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St. Olaf Choir: Setting a century-long gold standard for choral singing

These young singers and their conductor, Anton Armstrong, represent all that is good about Minnesota.

Philip Brunelle

When F. Melius Christiansen founded the St. Olaf Choir 100 years ago at St. Olaf College in Northfield, he was a man with a mission and a vision. At a time when glee clubs and oratorio societies were the choirs of the day, F. Melius, a Norwegian immigrant and dauntless musical pioneer, introduced a cappella singing to America through the St. Olaf Choir. He not only created an ensemble that set a gold standard for unaccompanied choral singing, but he transformed the Midwest into a hotbed of choral activity.

The St. Olaf Choir is an exceptional ensemble that has sung for millions around the world, including presidents, kings and queens, and has collaborated with ensembles including VocalEssence, the Minnesota Orchestra and the St. Paul Chamber Orchestra. These young singers and their conductor, Anton Armstrong, represent all that is good about Minnesota, including a commitment to artistic growth and their own personal development through mind, body and spirit.

In the 1920s the St. Olaf Choir put Minnesota on the map when it became one of the first choral ensembles to tour the nation regularly. During the Roaring 20s they started making recordings, as well as performing on the air when radio was in its infancy. Today the St. Olaf Choir has an impressive discography of 27 recordings; it tours nationally every year, and internationally every four years. It is also an integral part of the annual St. Olaf Christmas Festival, which celebrated its 100th in December with a live simulcast to more than 350 theaters nationwide and a telecast to 460 PBS stations that reached more than 2.7 million viewers.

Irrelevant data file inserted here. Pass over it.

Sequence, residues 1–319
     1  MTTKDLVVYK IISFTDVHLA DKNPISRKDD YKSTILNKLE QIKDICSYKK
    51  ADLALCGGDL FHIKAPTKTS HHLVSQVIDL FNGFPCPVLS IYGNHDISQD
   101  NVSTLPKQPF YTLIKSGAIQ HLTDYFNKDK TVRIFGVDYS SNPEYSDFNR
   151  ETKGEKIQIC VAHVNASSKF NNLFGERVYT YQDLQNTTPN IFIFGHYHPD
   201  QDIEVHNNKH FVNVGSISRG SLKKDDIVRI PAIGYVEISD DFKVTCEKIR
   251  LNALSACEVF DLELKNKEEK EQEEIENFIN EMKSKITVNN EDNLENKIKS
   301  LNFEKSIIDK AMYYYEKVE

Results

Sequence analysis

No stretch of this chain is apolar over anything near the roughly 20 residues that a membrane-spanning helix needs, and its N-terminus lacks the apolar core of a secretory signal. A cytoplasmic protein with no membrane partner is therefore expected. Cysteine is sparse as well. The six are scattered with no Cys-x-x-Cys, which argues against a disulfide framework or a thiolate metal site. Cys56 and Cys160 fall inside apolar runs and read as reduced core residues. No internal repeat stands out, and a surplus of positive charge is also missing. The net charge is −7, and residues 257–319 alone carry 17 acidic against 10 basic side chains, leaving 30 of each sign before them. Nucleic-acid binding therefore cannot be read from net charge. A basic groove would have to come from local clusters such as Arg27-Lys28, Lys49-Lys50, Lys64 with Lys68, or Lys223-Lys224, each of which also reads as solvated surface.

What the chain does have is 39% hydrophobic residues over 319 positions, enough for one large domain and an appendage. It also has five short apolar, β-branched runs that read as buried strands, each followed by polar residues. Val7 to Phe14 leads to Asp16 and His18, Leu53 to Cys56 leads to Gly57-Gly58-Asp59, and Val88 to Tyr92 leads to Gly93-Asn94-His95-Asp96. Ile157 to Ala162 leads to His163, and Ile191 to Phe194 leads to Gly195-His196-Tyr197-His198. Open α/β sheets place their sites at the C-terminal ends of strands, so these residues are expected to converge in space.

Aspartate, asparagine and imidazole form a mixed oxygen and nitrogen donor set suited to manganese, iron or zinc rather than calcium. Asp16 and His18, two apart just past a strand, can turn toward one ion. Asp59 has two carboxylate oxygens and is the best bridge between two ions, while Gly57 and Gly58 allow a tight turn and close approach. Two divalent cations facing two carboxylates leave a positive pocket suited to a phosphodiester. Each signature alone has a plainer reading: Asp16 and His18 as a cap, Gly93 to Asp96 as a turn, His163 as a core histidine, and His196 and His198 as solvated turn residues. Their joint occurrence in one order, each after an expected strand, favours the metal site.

Distinct character remains a constant

Having had only four conductors during the past century (including Olaf Christiansen and Kenneth Jennings), Anton Armstrong today balances a commitment to its a cappella legacy with music by contemporary composers, including spirituals and world music. While the concert programs are more varied today than 100 years ago, the St. Olaf Choir’s distinct character remains a constant decade after decade.

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After hearing the St. Olaf Choir in Atlanta in 1983, Robert Shaw, one of America’s greatest choral luminaries of the 20th century, wrote in a letter: “From all the standpoints — intonation, enunciation, tonal beauty and balance, rhythmic vitality and musical style — it was absolutely first-rate. … I do not know of any college or university in the United States where choral singing of this quality goes on day-in and year-out.”

Robert Shaw’s words remain relevant to this day. The influence of the St. Olaf Choir, particularly among those of us who treasure choral music, is immeasurable. This centennial, however, affords us the opportunity to give thanks for all this ensemble has done to help create the dynamic Minnesota choral scene we enjoy today.

Philip Brunelle is the artistic director of VocalEssence.

The St. Olaf Choir and Conductor Anton Armstrong will perform the final concert of their centennial season tour at 3 p.m. Sunday, Feb. 12, at Orchestra Hall.